When Brendol Hux, the First Order officer responsible for creating the stormtrooper training program, crash lands on Parnassos in his ship that had once been the private luxury yacht of the late Emperor Palpatine, the locals encounter him and his troopers who survived in an escape pod. Brendol promises to provide them with food, medicine, and the chance to become something greater as part of the First Order if they can get him to his ship. The rest of Phasma’s story follows her journey to escort Brendol back to his ship, so he can contact the First Order and provide salvation for her people.
The group, made up of Brendol and his three stormtroopers, Phasma, and four of her most dedicated warriors, suffers great loss along the way. When they finally do arrive at Brendol’s ship, Phasma’s brother Keldo arrives with the remaining Scyre people and the Claws, having allied with them after Phasma abandoned him on her quest with Brendol against his strict orders to stay.
A bloody battle ensues and the only survivors are Phasma, Brendol, Siv, Keldo, and Frey, the only child living among the Scyre. Phasma mercilessly kills her own brother, proving that she will do whatever it takes to survive as she gladly gets into bed with the First Order, anything to get off the godforsaken rock that is Parnassos. In a surprising move, however, Phasma sides with Brendol as he refuses to take the pregnant warrior, Siv, with them, stating that she is too weak to serve the First Order. They do, however, allow Frey to join them as Brendol is all too glad to add to his ranks of child warriors.
It is later revealed that Phasma murdered Brendol Hux, and later, even Frey was killed due to a mysterious “weapons malfunction”. It seems that Phasma was only ever looking out for her own interests, and she makes darn sure to sever any connections to her past and to eliminate those who know the truth about her humble origins. When Cardinal learns this shocking truth, he immediately reveals his discovery to Brendol’s son Armitage, hoping to oust Phasma from her position in the First Order, branding her for the traitor that she truly is.
However, Cardinal’s hopes come crashing down when Armitage reveals that he has known of Phasma’s treachery all along and had even given his approval to the murdering of his own father. After this revelation, Cardinal’s trust in the First Order is shaken dramatically, and he makes the decision to show proof of the atrocity to his fellow officers at their next meeting.
Unfortunately, the evidence that Vi gave him (a flesh-eating beetle like the one that infected Hux and Phasma’s old stone knife with its poisoned blade) would never be presented to the proper authorities as Hux bans Cardinal from attending any future meetings amongst his fellow officers and superiors. Cardinal had made good on his word and allowed Vi the opportunity to escape, but he refuses to defect and leave with her. He wants only one thing, to end Phasma of her career that is built on nothing but betrayal and deception. He decides to confront her in the training room.
Phasma matches Cardinal step for step and soon proves his superior in hand-to-hand combat, leaving him for dead as he bleeds out from the poisoned blade on the training room floor. Before succumbing to his inevitable death, Vi shows up in “borrowed” stormtrooper armor and saves his life. She puts his body in stasis until she can get him proper medical attention. She then sets out for Parnassos where Siv and her daughter are waiting.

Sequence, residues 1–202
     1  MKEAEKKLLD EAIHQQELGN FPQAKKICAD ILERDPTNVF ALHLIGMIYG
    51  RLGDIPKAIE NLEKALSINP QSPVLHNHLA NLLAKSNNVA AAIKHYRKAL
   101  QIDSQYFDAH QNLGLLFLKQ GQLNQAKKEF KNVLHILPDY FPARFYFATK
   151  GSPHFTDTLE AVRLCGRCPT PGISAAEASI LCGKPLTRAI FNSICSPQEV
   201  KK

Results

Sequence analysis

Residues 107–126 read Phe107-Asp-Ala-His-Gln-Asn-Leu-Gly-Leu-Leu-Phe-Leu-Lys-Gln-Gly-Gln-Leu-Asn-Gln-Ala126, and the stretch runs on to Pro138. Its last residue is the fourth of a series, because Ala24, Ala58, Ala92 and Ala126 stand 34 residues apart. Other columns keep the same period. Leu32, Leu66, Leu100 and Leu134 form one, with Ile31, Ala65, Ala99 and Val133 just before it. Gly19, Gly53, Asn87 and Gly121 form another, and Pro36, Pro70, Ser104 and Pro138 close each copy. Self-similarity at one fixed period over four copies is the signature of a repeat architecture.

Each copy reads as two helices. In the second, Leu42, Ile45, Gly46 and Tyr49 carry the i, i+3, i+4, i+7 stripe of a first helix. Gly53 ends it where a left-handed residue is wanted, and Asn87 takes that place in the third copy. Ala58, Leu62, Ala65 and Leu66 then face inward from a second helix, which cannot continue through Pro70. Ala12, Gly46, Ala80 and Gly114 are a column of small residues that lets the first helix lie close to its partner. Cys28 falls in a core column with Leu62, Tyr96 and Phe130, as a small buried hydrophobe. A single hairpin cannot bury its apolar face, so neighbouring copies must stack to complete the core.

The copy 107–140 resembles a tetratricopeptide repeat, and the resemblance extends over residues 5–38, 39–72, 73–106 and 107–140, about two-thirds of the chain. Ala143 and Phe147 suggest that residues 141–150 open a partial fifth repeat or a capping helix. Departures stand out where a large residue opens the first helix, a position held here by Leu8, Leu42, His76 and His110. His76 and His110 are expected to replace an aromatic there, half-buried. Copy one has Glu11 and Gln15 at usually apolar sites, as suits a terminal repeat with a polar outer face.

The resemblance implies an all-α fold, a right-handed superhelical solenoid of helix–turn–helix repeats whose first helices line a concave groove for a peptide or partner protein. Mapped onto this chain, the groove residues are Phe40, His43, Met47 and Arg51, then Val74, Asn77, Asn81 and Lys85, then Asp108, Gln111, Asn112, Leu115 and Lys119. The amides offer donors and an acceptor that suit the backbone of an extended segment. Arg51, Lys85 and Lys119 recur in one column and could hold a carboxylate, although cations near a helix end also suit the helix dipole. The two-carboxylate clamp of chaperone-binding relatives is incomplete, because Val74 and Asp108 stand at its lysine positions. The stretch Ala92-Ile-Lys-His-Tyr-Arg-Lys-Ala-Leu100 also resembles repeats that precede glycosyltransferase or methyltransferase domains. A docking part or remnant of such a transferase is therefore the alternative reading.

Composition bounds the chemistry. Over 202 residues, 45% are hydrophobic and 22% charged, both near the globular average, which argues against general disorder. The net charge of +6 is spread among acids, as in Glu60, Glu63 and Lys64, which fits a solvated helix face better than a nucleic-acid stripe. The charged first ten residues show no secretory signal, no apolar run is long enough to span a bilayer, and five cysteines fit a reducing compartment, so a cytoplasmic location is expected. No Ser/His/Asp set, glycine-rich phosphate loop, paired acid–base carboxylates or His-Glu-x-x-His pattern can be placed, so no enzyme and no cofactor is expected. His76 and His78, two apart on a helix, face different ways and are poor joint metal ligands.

The last chapter of the book takes place one year after Phasma left Parnassos. She travels back to the crash site of Brendol’s chrome yacht in her TIE fighter and meticulously removes sections of the hull plating and takes the pieces to one of the abandoned factories on the planet to craft her unique armor. It is in this moment that she becomes who she has always wanted to be.
After reading this novel, I expect even less for Christie’s face to grace the screen in The Last Jedi. It is made clear in the book that no one in the First Order has even seen her real face, except for Brendol Hux, and he’s no longer in the picture. She does pull her mask off once to reveal herself to Cardinal just before leaving him for dead, and the book’s description of her face and hair is pretty much identical to that of Gwendoline Christie. So even if you don’t see her mug in the movie, rest assured, that is exactly what she looks like.
If anything, this novel showed a lot of promise for Phasma’s character in the sequel trilogy and got me excited for the upcoming four-issue comic mini-series that picks up where we left off with Phasma in The Force Awakens. I truly hope that we see more about Vi and Cardinal in future stories, and perhaps they will even appear in the comic series as well.
While this novel is not among my favorites in the new canon, I enjoyed it overall. Perhaps I was so burned by her role in The Force Awakens that I just didn’t care for her as much as I should have to really get the most out of this book. But like I mentioned, for what it is it’s a good read, and it’s a worthy addition to your Star Wars library. It makes sense of Phasma’s easy defeat at Starkiller base by revealing that she only cares about the First Order as long as it benefits her to do so. When it came to her life or betrayal, she did what she has always done – throw everyone else under the hoverbus.
This book certainly adds to Phasma’s legend and cements her as a fierce and mighty warrior that is not to be reckoned with:
“Armitage thinks he’s got a Kath hound on a leash, but what he’s got is a rancor just waiting for the gate to open. No one will see the real Phasma until the moment when what the First Order wants is no longer what she wants. One day – and it’s coming – Phasma will betray them all.”
Hopefully, Rian Johnson and company will deliver on this promise in The Last Jedi.
Star Wars: Phasma is available now wherever books are sold. Until next time, happy reading Star Wars fans!